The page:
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Sackett v. Spindler

Citation. 22 Ill.248 Cal.App.2d 220, 56 Cal.Rptr. 435 (Ct. App. 1967)
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Brief Fact Summary.

This case involves a contract to buy stock where the buyer repeatedly did not render payment by the due date, causing the seller to repudiate the contract.

Synopsis of Rule of Law.

Repudiation of a contract is justified only where the breaching party’s breach constituted a total or material breach, not merely a partial breach.


The Plaintiff, Sheldon Sackett (Plaintiff), entered into a contract to buy stock from the Defendant, Paul Spindler (Defendant). The contract stipulated that the Plaintiff was to make three payments due on specified dates. The Plaintiff made the first payment on time and the second payment a few days after it was due. He rendered a check for the third payment prior to its due date, but this check was drawn on insufficient funds. The Plaintiff informed the Defendant that he would be able to pay the balance by September 22. The Defendant notified the Plaintiff that if he did not receive the funds by that date, he would not consider completing the sale and he would assess damages for the Plaintiff’s breach of contract. Plaintiff failed to make the payment on September 22 and the Defendant extended the due date until September 29. Again, the Plaintiff failed to make the payment on time. On October 4, the Plaintiff sent a telegram to the Defendant stating that he was now “ready, eag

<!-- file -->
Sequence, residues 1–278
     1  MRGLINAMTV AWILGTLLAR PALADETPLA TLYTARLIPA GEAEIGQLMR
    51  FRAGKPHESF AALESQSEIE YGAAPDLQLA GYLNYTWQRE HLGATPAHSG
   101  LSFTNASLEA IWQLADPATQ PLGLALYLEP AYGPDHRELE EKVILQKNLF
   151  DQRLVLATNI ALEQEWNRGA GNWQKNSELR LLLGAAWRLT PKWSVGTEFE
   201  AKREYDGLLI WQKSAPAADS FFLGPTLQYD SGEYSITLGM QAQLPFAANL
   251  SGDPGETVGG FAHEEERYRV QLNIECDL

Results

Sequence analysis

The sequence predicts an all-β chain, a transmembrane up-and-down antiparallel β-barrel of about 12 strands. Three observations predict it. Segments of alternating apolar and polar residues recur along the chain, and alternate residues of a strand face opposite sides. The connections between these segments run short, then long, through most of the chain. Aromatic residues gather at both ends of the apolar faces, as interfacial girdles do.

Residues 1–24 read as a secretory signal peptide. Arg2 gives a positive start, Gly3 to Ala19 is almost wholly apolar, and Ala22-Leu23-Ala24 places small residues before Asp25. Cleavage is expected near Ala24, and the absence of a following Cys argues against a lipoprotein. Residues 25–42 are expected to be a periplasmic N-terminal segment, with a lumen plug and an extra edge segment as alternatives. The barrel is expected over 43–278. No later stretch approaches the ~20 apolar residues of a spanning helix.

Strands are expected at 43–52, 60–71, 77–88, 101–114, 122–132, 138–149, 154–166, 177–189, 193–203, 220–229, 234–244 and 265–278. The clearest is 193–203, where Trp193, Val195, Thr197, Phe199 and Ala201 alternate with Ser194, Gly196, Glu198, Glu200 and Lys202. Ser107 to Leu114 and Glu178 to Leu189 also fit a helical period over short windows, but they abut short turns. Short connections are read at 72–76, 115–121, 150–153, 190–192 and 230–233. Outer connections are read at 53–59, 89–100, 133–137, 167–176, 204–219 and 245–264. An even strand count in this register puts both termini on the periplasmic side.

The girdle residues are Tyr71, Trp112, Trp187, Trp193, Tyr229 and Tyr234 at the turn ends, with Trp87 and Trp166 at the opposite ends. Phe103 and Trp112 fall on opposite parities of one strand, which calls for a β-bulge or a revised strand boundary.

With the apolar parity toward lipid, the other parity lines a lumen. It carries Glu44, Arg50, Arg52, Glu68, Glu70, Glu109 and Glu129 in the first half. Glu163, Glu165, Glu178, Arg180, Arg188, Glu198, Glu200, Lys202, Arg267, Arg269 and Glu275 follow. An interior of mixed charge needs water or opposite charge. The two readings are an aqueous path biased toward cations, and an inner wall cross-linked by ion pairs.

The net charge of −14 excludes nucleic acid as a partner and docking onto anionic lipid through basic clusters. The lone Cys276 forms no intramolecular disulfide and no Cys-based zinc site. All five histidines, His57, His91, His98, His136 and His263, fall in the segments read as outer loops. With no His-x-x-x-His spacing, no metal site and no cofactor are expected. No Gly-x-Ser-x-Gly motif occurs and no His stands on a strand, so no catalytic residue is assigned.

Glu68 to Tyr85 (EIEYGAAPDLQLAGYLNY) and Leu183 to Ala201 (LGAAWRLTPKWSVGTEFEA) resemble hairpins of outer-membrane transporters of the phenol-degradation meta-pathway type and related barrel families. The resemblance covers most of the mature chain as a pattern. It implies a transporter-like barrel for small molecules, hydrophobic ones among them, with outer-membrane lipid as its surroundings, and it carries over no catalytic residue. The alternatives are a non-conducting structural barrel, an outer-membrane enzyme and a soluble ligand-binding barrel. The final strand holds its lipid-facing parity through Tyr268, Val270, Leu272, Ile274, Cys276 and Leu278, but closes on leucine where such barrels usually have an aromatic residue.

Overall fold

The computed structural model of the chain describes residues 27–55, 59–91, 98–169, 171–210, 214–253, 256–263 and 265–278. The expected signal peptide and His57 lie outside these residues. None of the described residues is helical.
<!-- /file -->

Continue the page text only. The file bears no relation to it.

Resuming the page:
er and willing” to complete the transaction. On October 5, the Defendant wrote a letter to the Plaintiff stating that he was unwilling to complete the transaction due to the Plaintiff’s delay in performing the contract.


Is repudiation of a contract justified where the other party has materially breached the contract?


Yes. Judgment affirmed.
Repudiation is justified where a material or total breach has occurred.
In the instant case, the court found that the Plaintiff’s failure to tender the balance due under the contract constituted a material breach.


The court examined The Restatement of Contracts to determine whether the breach was material. It reasoned that although, the Plaintiff did make the first two payments, the Plaintiff’s failure to remit the third payment when due was a material breach because it was caused by gross negligence or willful conduct. It also examined the facts to determine that the Defendant was justified in repudiating because the Plaintiff’s behavior gave rise to uncertainty that he would fulfill his obligations and the evidence was sufficient to infer that the Plaintiff never intended to remit the payment as required by the contract.

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